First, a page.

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Marketing secrets of the big brands

Four scalable marketing techniques for entrepreneurs and growing businesses


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As the owner of a small or midsize company you may often wonder what the marketing secrets of the big brands are. You might imagine what you could do with an unlimited marketing budget plus a large, capable team to execute. You may think, if only you had the resources to implement the same strategies, tactics and tools of the big brands, you’d be able to achieve the same amazing results, right?

Peeking behind the curtains of these large companies shows that bigger isn’t always better. In fact, once you look behind their closed doors, there are many key strategies that can help smaller companies (with modest budgets) achieve similar, remarkable results.

What happens behind closed doors?

It’s true, large consumer packaged goods companies do have the advantage of a huge marketing budget, a wealth of knowledge from which to draw and access to some of the top marketing minds in the industry. They utilize these resources and lean into what works, adapting to new technology and trends that make their marketing more powerful.

On the other hand, these large behemoths are often unable to adapt quickly to changing consumer trends. And though they have unimaginable resources at their fingertips, they have the same problems small companies face, just on a larger scale.

Their marketing teams are asking the same questions and attempting to keep up, just like any other company. The difference, and their secret super-power, is that they have access to significantly more data and can draw correlations because of their powerful data teams.

What strategies, tactics and tools do they use?

Though they’re using a bigger budget, these big brands utilize key strategies that companies of any size and budget can use. Rather than spending like a big brand, results can be achieved on a much smaller budget by simply thinking like a big brand. Below are four examples of scalable techniques for entrepreneurs and growing businesses.

Tear down the silos

Big brands work cross-functionally and de-silo as much as possible. You can apply this concept by having all areas of your business communicate frequently and consistently.

Set up meetings between your teams to collaborate and create programs that will sell your product. Creating incentives around innovation and collaboration can lead to the creation of programs that speak to customers and drive sales.

Different teams have different strengths and they should all be included in marketing efforts from the beginning. For example: Marketing is often at the forefront of understanding and following trends; Sales knows what is working well and selling to retailers; and R&D could innovate with not only the product but the packaging as well.

Too often, companies are too siloed and don’t take advantage of the shared brainpower they have across departments. Resources already exist within your collective teams, all you must do is make sure everyone is talking and collaborating to take full advantage of the collective knowledge.

Plan ahead

Large companies create marketing plans for the following year anywhere from eight months to two years in advance. Many small to medium size companies are more reactive and the thought of planning marketing initiatives in advance is overwhelming.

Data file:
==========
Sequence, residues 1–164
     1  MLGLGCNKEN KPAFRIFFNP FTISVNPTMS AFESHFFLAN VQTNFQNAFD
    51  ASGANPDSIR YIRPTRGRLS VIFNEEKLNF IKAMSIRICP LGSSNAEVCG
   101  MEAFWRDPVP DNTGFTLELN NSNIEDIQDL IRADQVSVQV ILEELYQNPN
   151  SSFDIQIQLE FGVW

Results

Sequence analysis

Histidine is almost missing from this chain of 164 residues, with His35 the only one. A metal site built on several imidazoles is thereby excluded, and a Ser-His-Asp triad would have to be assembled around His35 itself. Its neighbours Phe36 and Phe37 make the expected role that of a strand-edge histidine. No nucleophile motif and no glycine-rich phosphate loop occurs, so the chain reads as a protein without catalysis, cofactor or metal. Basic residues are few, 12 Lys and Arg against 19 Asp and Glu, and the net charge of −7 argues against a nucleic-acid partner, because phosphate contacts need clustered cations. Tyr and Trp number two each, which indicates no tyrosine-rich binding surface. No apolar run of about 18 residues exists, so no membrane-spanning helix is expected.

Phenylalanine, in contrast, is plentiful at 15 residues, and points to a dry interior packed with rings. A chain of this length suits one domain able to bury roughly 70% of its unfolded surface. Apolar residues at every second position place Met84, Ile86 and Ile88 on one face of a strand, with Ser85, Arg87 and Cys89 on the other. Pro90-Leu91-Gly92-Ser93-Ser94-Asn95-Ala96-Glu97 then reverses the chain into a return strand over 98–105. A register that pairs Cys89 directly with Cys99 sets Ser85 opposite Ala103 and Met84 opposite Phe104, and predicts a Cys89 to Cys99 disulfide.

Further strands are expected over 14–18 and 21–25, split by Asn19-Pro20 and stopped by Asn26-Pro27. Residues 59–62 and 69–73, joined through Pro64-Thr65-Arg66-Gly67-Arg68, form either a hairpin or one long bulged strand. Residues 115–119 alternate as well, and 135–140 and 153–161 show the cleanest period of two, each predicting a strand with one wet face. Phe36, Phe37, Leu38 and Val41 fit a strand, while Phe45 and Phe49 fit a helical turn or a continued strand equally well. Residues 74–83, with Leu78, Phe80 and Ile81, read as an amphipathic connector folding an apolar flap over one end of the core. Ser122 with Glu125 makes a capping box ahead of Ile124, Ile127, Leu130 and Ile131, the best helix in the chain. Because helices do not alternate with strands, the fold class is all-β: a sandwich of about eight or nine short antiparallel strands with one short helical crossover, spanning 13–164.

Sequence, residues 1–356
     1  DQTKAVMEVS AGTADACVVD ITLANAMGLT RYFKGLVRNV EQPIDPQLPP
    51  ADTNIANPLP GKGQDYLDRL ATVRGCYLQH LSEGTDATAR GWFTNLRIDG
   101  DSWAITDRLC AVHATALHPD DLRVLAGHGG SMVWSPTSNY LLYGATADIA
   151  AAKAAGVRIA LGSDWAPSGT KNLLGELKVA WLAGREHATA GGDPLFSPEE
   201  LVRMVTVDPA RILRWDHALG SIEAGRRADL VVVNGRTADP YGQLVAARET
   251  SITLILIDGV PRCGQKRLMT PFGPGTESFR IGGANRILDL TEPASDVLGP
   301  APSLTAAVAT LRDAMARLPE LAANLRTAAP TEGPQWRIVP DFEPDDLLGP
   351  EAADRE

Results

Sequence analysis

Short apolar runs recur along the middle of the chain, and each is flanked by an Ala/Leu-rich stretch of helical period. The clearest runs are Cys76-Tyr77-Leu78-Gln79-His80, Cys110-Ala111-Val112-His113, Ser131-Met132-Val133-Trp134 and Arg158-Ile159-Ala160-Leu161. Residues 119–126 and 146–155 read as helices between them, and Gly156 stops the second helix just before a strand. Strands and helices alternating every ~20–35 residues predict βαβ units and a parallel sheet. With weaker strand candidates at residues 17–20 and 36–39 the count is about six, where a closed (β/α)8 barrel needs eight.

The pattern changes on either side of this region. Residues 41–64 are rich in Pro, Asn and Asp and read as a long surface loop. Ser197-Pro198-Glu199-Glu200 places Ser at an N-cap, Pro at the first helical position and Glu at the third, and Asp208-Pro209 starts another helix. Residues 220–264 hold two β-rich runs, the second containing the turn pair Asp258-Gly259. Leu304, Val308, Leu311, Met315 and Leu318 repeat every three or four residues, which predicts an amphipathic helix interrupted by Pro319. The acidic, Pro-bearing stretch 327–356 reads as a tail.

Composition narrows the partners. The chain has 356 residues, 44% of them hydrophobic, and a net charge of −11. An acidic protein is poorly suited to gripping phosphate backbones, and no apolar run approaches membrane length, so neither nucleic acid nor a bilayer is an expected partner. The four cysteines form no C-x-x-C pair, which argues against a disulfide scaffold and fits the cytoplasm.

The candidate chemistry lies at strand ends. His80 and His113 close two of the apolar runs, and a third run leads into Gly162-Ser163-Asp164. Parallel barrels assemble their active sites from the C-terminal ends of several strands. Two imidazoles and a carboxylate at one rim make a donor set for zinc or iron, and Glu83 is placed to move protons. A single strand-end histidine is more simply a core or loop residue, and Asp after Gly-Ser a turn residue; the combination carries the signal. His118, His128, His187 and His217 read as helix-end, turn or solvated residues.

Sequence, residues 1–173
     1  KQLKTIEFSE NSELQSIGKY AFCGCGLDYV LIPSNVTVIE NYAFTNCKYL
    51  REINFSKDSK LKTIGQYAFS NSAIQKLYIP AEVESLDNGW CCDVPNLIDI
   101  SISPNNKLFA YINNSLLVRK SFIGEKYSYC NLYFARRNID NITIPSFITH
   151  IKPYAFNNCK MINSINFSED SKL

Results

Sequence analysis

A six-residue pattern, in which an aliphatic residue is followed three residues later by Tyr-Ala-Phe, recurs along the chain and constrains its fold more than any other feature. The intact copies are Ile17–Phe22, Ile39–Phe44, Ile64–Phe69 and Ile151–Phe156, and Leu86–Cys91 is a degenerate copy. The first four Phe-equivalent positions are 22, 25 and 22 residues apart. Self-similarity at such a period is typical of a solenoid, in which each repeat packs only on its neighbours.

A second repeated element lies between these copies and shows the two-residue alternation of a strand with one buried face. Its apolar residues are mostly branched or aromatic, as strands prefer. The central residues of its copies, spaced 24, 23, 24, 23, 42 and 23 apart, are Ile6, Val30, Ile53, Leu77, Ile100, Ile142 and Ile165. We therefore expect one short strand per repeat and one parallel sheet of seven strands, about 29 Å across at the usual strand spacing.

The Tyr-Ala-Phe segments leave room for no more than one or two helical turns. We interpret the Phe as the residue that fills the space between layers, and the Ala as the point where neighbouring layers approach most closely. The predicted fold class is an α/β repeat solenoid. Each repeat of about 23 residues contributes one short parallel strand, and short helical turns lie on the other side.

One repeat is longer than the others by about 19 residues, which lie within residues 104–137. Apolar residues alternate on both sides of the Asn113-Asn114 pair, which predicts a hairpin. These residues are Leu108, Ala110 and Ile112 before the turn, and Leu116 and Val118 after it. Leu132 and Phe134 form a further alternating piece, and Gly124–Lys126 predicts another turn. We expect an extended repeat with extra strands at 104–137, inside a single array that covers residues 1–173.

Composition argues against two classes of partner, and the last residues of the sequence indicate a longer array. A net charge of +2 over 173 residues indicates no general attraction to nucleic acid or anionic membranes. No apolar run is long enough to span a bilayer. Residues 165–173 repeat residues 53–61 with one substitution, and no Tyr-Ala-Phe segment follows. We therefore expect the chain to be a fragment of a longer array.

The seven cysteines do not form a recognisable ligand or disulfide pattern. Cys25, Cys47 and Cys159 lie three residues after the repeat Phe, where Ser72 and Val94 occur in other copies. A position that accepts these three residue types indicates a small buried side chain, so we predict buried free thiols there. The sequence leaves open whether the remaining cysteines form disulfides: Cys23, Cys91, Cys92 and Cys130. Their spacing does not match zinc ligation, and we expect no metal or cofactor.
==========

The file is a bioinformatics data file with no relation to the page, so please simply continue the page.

What they don’t realize is that by planning they set themselves up for success throughout the year. An added benefit is that there are often discounts for media buys when purchased in advance.

Advance planning allows companies to take full advantage of partnerships with their first choice of brand influencers and optimal partners, creates efficiencies for sales programs and retailers and allows the team the time to analyze programs and adjust for what is working and what is not.

Partnerships are key

The big brands are very adept at creating diverse partnerships that expand their influence and audience. Not only does a partnership expand reach, but it also allows a business to share the budget for a promotion with another brand.

Any business can take advantage of partnerships by seeking out like-minded companies to help promote a product, run co-branded giveaways or create multi-faceted promotional campaigns. Shared marketing is not only interesting and intriguing for the consumer, but it can be newsworthy and greatly expands the potential audience for a marketing campaign.

Know your consumer

Knowing your consumer and what motivates them (and their purchases) is a basic and key component to marketing success. Marketing dollars allocated toward speaking to the wrong consumer or those spent without regard for consumer motivation, are dollars wasted.

Research your consumers. Learn all about their wants, needs, struggles and worries and then learn to speak their language. This way, you can solve their problems, celebrate their wins and be more in tune with their motivations.

 

The one area that is worth spending like a big brand is data. Investing in data such as Panel data, IRI or Nielsen can help determine where to allocate precious marketing dollars to maximize the bang for the buck. If purchasing data isn’t in the cards, gathering whatever intel you can pull together on your own.

No matter what, thinking like a big brand is a great first step to achieving comparable marketing results. Though they may always have the advantage of a massive budget, many of their strategies and tactics can maximize the results of a minimal marketing spend.

Jennifer McGhee is a managing partner for VOCO Creative, a Colorado-based Marketing Agency that specializes in savvy marketing for brands. 

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